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FDA Approves Fish-Oil-Derived Drug for Use Preventing Heart Attacks, Strokes – The Wall Street Journal

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The expanded label could mean Vascepa sales surpass $3 billion, analysts say. Photo: Amarin/Associated Press

The U.S. Food and Drug Administration on Friday expanded the approved use of a fish-oil-derived drug to reduce the likelihood of heart attacks and strokes in high-risk patients.

The drug, Vascepa from Amarin Corp. PLC, now becomes a new tool for reducing the risk of heart attacks, strokes and deaths in millions of heart-disease or diabetes patients with elevated triglycerides while opening up a multibillion-dollar commercial opportunity for its maker. The expanded label could mean Vascepa sales surpass $3 billion, analysts say. Last year’s sales approached $230 million.

Vascepa was approved in the U.S. in 2012 to treat adults with severe hypertriglyceridemia, or very high levels of triglycerides, which are fats that circulate in the blood. Since then, Amarin has been exploring whether the drug’s effect goes further by reducing the risk of heart disease.

High triglyceride levels can signal the presence of metabolic abnormalities that can damage the heart and blood vessels. About four million Americans have severe hypertriglyceridemia, according to Amarin, and 70 million have elevated triglyceride levels.

The FDA said Vascepa could be taken on top of cholesterol drugs known as statins. Patients must have either heart disease, or diabetes and at least two additional risk factors for cardiovascular disease.

“For the first time, physicians, patients and payers have an FDA-approved treatment option beyond cholesterol lowering that has been demonstrated to significantly reduce major adverse cardiovascular events when used on top of a statin,” Amarin Chief Executive John Thero said.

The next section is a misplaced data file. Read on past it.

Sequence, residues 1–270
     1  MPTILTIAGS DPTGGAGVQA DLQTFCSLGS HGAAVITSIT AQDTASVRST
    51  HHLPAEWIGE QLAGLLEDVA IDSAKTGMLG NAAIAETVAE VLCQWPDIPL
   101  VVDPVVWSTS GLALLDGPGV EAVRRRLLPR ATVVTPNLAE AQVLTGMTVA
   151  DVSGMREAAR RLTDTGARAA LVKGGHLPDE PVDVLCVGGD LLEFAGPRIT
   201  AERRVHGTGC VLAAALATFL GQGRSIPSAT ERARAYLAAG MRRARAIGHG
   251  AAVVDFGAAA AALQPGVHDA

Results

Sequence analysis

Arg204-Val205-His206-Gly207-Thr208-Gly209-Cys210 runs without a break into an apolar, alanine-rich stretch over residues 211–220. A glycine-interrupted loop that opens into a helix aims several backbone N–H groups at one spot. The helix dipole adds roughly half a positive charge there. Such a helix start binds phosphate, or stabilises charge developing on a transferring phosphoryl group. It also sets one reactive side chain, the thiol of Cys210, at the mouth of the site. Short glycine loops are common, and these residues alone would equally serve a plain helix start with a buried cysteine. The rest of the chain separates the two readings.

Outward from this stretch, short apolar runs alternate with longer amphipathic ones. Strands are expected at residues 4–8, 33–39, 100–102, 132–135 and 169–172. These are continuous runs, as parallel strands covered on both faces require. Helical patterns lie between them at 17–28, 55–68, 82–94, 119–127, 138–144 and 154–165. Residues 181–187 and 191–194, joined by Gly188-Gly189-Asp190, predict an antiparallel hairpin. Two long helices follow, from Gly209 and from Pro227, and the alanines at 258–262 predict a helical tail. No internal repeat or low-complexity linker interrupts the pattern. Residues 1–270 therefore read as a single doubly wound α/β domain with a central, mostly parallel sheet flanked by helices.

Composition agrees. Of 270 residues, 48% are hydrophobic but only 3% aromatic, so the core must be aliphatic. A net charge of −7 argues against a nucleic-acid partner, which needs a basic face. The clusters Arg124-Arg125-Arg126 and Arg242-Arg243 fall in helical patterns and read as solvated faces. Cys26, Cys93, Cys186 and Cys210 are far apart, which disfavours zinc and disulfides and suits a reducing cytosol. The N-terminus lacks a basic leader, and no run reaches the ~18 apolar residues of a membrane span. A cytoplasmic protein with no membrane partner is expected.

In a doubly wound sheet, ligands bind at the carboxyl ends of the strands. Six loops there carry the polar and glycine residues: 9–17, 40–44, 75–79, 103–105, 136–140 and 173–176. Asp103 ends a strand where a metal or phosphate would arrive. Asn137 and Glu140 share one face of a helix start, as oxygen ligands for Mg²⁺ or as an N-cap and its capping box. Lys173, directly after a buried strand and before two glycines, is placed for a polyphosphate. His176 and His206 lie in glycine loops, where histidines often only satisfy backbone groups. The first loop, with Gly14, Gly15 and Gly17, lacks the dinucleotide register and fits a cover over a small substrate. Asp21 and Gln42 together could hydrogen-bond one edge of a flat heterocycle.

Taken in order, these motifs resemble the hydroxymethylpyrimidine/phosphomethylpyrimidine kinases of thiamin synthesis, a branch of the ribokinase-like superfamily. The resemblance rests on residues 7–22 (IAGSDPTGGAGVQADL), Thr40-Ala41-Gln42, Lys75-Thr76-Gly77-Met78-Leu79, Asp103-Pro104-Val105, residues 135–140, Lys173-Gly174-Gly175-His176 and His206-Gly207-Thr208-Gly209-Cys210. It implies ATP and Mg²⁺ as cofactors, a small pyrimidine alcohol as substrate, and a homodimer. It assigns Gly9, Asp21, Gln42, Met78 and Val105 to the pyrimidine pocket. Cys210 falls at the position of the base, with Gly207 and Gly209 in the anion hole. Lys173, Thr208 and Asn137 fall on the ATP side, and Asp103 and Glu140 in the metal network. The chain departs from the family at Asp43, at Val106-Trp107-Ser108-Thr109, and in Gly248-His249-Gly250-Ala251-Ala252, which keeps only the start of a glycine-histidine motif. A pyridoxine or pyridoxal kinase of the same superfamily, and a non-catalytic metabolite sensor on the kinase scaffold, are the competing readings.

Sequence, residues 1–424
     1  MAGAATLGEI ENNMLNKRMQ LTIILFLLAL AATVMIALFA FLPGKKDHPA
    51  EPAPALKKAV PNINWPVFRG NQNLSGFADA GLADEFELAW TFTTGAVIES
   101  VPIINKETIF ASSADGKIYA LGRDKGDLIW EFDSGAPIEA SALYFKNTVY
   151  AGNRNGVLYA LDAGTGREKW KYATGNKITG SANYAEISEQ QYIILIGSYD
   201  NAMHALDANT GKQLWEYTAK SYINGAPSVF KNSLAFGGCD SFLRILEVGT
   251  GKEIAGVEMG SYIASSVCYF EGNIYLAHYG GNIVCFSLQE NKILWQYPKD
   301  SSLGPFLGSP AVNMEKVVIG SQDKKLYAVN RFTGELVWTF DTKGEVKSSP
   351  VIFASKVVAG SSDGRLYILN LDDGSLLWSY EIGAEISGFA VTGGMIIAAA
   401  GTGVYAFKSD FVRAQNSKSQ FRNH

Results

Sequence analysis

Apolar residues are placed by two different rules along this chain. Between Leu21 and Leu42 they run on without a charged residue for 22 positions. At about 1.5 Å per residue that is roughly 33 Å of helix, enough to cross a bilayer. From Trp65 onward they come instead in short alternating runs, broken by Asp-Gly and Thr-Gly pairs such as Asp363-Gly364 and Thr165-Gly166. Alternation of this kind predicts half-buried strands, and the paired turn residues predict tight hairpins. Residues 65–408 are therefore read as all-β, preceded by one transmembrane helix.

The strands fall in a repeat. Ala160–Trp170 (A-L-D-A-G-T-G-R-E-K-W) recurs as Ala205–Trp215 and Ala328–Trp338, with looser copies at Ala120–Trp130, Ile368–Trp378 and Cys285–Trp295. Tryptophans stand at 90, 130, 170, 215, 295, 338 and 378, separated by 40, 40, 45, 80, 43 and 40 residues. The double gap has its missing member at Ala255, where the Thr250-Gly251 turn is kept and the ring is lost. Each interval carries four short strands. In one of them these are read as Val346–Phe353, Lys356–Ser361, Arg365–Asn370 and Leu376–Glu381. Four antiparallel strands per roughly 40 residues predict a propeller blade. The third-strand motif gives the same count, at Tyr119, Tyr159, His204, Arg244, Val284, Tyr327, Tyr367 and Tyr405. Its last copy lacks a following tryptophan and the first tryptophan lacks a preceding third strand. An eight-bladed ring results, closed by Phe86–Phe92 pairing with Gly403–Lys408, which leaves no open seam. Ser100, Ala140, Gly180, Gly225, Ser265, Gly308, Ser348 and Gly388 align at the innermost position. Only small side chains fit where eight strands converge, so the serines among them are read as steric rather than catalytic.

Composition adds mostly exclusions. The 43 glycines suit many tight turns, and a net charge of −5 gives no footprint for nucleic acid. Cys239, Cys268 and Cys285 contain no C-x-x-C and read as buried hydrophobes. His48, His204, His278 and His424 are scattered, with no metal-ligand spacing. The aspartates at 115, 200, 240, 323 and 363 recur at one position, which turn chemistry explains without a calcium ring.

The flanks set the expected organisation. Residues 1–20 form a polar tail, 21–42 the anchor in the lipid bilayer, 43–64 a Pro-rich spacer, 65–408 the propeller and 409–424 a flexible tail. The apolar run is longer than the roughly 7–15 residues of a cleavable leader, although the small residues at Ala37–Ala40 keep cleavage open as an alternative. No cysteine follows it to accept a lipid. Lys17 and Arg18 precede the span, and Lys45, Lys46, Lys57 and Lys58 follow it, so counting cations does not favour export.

A large late-stage study, commissioned by Amarin, showed that Vascepa can reduce the risk of cardiovascular-disease events in patients with elevated triglyceride levels who are at high risk and on cholesterol-lowering drugs.

Most patients in the study had already had a heart attack, stroke or other cardiovascular event. The rest were at high risk: They had Type 2 diabetes and at least one other risk factor, such as tobacco use.

The FDA acted earlier than the expected Dec. 28 date, the latest in a series of recent earlier-than-expected decisions from the FDA.

In November, a panel of outside advisers voted 16 to 0 in recommending the agency enlarge the approved use of the drug. The FDA wasn’t bound to follow the advice of its advisory committee, but it normally does.

The FDA rejected Amarin’s first request for a broader label in 2013, prompting the company to sponsor the latest study. In 2018, Amarin announced data from that study, which showed high-risk patients who took Vascepa in addition to a statin experienced a 25% reduction in risk of a heart attack, stroke or other serious cardiac event, compared with patients who took a placebo.

The company’s shares surged on the news in 2018. The shares closed up 4.9% at $24.12 after Friday’s announcement. Amarin is based in Dublin, Ireland, but operates out of Bridgewater, N.J.

A monthly supply of the gram dose of Vascepa carries a list price of $303.65 before insurance kicks in.

Write to Jared S. Hopkins at [email protected]

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